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Shane Griffin was a passionate advocate for Care Leavers and for children within the care system. He passed away on December 31.

'He passionately wanted to improve things for children in care' A tribute to Shane Griffin

Linda Hayden pays tribute to her friend, activist Shane Griffin, who passed away suddenly on December 31.

ON THE MORNING of the last day of 2019, Ireland lost an important voice.

It lost a voice that gave voices to vulnerable children, it lost a voice that gave voices to adults who had trauma inflicted on them by a broken system, it lost a voice that was telling us where we had gone wrong and what we needed to do to fix it.  It lost a voice that was shouting as loud as it could; but did not feel listened to.  

Shane Griffin was a man who had seen it all when it came to the care system in Ireland. 

Placed in care for the first time aged nearly seven, Shane went on to have over twenty different placements in foster homes and residential care facilities. 

He experienced abuse in the form of physical and sexual violence while in the system.

Most people would not be able to deal with the trauma of the kind that Shane experienced in care, it would have broken them.

But Shane was not most people.

Instead of going down the route of further trauma, dysfunction and addiction, which happens to so many, Shane decided instead to use his experiences to ensure that the system worked, and that no more children would become a victim of it. 

Determined to help others

Shane had a passion for improving circumstances for children within the care system, and for ensuring correct supports were in place for those leaving care.

In relation to his own life, he was trying to piece together the details of his time in care, meeting regularly with Tusla to uncover more information.

He worked with the Care Leavers’ Network and joined the Social Democrats this year, with a view to making a difference somehow.

Shane was inspirational in his way of speaking, critical and challenging of various ministers for Health and Children and Youth Affairs, and went out of his way to help vulnerable young people.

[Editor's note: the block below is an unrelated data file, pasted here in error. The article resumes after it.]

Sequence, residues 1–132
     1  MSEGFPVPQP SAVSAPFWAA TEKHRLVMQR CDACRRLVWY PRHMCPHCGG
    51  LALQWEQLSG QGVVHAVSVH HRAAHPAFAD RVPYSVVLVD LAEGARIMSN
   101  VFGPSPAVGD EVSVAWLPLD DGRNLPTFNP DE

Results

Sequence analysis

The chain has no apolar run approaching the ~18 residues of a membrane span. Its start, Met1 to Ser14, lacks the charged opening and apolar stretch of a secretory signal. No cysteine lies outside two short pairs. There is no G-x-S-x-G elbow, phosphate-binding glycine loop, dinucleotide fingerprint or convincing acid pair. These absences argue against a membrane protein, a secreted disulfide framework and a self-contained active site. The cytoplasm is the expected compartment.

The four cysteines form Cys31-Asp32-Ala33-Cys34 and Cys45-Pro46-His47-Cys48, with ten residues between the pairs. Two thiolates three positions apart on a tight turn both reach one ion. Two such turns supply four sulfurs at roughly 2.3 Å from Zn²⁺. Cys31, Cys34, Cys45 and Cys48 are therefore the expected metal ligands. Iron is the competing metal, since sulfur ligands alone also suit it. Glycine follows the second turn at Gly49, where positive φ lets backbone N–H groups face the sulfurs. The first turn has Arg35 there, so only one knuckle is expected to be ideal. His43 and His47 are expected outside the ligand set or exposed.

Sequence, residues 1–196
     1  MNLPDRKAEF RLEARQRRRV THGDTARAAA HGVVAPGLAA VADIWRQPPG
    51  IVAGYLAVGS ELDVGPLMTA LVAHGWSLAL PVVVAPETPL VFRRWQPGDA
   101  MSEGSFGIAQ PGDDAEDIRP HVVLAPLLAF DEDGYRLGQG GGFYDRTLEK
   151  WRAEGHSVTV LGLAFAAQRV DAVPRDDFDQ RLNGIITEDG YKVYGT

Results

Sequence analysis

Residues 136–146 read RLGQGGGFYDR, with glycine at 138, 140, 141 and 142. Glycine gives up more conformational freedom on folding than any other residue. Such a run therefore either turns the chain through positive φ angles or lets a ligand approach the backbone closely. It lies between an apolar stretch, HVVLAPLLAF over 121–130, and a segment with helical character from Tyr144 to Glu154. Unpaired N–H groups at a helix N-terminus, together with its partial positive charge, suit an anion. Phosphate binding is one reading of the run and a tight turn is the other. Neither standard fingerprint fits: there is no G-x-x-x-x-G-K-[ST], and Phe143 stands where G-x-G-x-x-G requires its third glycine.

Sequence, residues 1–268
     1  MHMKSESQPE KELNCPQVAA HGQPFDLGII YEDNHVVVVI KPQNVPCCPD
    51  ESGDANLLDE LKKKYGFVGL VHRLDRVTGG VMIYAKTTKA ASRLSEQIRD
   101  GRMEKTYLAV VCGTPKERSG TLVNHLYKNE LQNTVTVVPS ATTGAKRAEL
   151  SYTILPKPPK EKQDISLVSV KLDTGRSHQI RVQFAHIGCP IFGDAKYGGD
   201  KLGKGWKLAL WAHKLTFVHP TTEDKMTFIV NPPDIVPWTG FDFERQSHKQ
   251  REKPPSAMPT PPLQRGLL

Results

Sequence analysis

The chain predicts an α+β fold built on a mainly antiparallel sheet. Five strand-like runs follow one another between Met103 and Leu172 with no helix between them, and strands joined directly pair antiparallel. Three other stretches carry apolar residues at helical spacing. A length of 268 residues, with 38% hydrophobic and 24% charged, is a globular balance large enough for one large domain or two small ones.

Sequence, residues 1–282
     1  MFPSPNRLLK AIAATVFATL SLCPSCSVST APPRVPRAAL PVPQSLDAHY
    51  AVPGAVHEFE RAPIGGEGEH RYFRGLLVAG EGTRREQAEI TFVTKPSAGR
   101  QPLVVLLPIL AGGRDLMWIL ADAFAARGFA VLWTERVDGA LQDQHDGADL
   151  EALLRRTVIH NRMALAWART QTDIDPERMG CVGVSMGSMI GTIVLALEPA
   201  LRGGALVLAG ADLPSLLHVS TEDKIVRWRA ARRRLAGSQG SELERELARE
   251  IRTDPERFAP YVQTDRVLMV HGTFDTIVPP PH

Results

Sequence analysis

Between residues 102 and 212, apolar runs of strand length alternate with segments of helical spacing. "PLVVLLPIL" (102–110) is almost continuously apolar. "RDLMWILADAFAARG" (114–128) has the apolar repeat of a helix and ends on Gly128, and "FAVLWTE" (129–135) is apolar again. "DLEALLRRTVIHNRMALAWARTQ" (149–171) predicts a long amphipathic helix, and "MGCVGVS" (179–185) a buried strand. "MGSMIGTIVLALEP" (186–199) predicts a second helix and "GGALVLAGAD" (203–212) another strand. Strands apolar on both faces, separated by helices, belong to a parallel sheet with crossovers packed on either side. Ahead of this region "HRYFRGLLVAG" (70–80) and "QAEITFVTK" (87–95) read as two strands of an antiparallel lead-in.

In fact, only four days before he died, Shane was aiding a young homeless care leaver, giving advice and resources to somebody who was in dire straits over the Christmas season. 

He spoke at seminars, came to town hall meetings, asked relevant questions and put young people within the care system, and those who had experienced trauma as a result of it at the forefront of people’s minds.

Shane was tireless and relentless, and managed all this while being a good father and running his own landscaping business.  

Never bitter

You’d think that given his experiences that he would be bitter or angry, but anybody who knew him would attest that Shane was the most positive and enlightened man you could meet. 

He often sent self-deprecating thank you notes to people who gave him a platform, support or who interviewed him, grateful for the opportunity to have a voice and feel listened to. 

His sense of humour and sweet nature meant he endeared himself to nearly everybody he met, however when he had something to say about the issues within the system, he was fastidious in his message.

Shane insisted there could be nobody left behind, and believed that supports should be given with early intervention to ensure that families don’t get broken up in the first place, so children aren’t put into care unnecessarily.

When Shane joined the Social Democrats in 2019, he did so because he believed that a social democracy, where the most vulnerable in society are protected, was the way that Ireland needed to move forward. 

He bore the scars of his childhood

Despite everything he did, Shane did suffer. 

He spoke openly about his mental health and the PTSD he had as a result of multiple and complex traumas he suffered at the hands of a system that was supposed to protect him and others. 

He often spoke of the hills he had left to climb and was looking at new therapies and treatments, all of which seemed out of reach to him due to their prohibitive cost.

Once again, there were no systems in place to help him, and eventually the hills became too big. 

What he wanted was on-going care and therapy for those traumatised by the system, right up to adulthood. 

He wanted early intervention so that vulnerable children and youths don’t fall into the gaping holes that exist within the areas of child protection.

He wanted Care Leavers to be protected and supported, but most of all he wanted no child to suffer as he had. 

We all have a responsibility now to carry on his work.

Ireland has lost a voice; we must ensure that the legacy of that voice lives on.

RIP Shane. 

We have set up this fund to help his family with funeral costs and to build a bit of a fund to support his daughter Haley-Ann. If you can give what you can all donations are greatly appreciated.

Linda Hayden is the founder of AASVI and Shane Griffin’s colleague in the Kildare South branch of the Social Democrats.

 If you need to talk, contact:

  • Samaritans 116 123 or email
  • National Suicide Helpline 1800 247 247 – (suicide prevention, self-harm, bereavement)
  • Aware 1800 80 48 48 (depression, anxiety)
  • Pieta House 01 601 0000 or email – (suicide, self-harm)
  • Teen-Line Ireland 1800 833 634 (for ages 13 to 19)
  • Childline 1800 66 66 66 (for under 18s)



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